From the 21st Maclean’s University Rankings issue—on newsstands now.
Until mid-July, 25-year-old James Douglas pretty much had his life planned out. A fourth-year political science student at a major Canadian university, he anticipated finishing his degree at the end of the summer semester, in August, and graduating with his B.A. this fall. Douglas was in touch with several prospective employers in Toronto, his hometown, as well as in Ottawa, and had allowed the lease on his apartment to lapse. Then he received the phone call that upended all of that.
The call came from the registrar’s office, and informed Douglas that his application for graduation had been turned down. At issue was a three-credit course taken early in his career that his academic adviser had sworn up and down could be put toward his degree as an elective. Not so, the registrar’s office now said. At his entreaties, university officials dug into “some dusty book with fine print on p. 709” and pronounced the course in question as unfit to count toward his poli-sci B.A.
Douglas—not his real name (like many students who find themselves in similar straits, Douglas is worried about repercussions from his university and that prospective employers may conclude he’s inept)—had assiduously met with his adviser, going over his degree requirements to make sure all was in order. Even his adviser agreed he’d given Douglas bad information, and approached university brass to tell them so. No good. “If I’m not supposed to get advice from my adviser, I don’t know who else to ask,” he says. “I covered all my bases, I did everything I could to ensure my graduation, yet it was still stripped from me at the last minute.”
Douglas appealed the decision, but meanwhile had to scramble to extend his lease and tap new funding resources. “The money I had for university was budgeted out over each semester—and, quite frankly, that’s run out,” he says. At the same time, those job possibilities evaporated. “My entire life has been put back four or five months because of this,” says Douglas. “With this strike of a wand, it’s just—poof!—your life, five months delayed.”
He’s not alone. Students are increasingly running into difficulties pulling together the credits they need to finish their degrees, often realizing at the very last minute they’re missing a crucial course. These situations arise because of frequently opaque departmental requirements, which students follow to secure degrees, particularly in programs requiring departmentally wide-ranging coursework. Compounding the trouble is a lack of student support—too few academic advisers, for example. Such crises frequently lead to lengthier-than-expected university stays—an extra semester, even an extra year, and life delayed. Although universities aren’t deliberately prolonging the agony, they benefit nevertheless—elastic degrees mean more tuition and fees paid by students (or their parents) into institutional coffers.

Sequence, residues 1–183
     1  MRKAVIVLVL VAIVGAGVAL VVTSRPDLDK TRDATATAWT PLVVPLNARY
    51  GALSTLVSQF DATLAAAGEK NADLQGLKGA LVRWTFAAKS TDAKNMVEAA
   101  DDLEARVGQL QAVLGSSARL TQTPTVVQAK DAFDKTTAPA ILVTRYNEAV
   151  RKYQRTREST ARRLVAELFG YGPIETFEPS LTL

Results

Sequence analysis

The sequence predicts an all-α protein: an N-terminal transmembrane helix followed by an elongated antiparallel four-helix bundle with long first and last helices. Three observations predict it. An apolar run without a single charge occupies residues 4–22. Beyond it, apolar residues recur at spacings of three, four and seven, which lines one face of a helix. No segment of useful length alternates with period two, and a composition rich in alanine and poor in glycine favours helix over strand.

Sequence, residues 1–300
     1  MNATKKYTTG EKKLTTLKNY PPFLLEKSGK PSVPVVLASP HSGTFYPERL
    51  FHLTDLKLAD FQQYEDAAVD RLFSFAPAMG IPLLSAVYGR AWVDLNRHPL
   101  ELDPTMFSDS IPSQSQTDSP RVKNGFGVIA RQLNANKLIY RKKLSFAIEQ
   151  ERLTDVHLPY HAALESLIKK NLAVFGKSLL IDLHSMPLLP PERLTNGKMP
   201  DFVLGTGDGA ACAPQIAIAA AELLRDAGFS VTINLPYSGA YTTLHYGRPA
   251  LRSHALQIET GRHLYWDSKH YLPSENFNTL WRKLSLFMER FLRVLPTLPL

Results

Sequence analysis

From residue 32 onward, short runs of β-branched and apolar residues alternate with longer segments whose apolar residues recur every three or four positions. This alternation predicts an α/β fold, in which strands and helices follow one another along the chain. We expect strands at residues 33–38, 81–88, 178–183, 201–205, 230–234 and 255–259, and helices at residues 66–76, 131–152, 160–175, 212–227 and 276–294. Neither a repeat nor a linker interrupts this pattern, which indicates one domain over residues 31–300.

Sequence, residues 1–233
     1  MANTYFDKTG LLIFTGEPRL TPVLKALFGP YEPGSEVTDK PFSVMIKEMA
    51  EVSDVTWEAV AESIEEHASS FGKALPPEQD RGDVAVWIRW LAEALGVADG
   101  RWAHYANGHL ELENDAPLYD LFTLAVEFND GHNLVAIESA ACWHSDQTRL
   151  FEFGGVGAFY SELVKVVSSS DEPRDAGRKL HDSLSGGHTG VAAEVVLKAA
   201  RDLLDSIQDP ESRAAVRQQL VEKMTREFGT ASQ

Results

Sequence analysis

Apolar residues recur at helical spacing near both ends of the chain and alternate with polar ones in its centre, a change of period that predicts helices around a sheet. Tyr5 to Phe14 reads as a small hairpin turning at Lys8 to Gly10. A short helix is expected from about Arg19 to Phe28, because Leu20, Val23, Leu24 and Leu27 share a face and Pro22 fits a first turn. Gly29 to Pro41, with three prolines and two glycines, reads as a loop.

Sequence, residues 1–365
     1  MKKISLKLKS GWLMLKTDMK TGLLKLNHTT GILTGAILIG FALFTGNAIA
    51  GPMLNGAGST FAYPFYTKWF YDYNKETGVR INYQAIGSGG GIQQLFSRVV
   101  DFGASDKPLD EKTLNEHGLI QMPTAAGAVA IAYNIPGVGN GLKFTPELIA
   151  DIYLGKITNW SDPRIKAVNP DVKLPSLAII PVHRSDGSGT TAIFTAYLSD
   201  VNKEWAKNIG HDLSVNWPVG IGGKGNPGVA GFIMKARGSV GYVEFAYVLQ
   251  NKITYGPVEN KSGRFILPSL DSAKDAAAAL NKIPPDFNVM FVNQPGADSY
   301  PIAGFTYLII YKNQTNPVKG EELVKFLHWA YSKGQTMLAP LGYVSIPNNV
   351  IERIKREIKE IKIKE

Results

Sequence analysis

And things may even be getting worse, for all kinds of reasons. Financial pressures require many students to work in parallel with their studies, meaning they carry smaller course loads; that prolongs the duration of their degrees and increases the likelihood that course requirements will change in the interim—something that happens all the time. “What we’re seeing at a lot of institutions, because of changing economic times and enrolment down on some campuses, is that they adjust programs midstream as they struggle to change and stay relevant,” says Zachary Dayler, national director for the Canadian Alliance of Student Associations. “That can surprise students.” Those adjustments can include vanishing courses and obsolete requirements.
At the same time, even in this hyper-communicative age of social networking and connectivity, miscommunications at universities persist (just consider Douglas’s academic adviser, who doled out bum advice). “For whatever reason, students aren’t getting the information they need before something happens,” says Lisa White, coordinator of the Concordia Student Union Advocacy Centre, where students in academic jams can go for help. “They’re getting it right on the spot—‘Oh, you’re slated to graduate this date? Well, let me tell you that that’s not actually happening.’ It seems like the onus is on the students to get informed, rather than the university to inform them, and that, to me, is the major systemic issue.”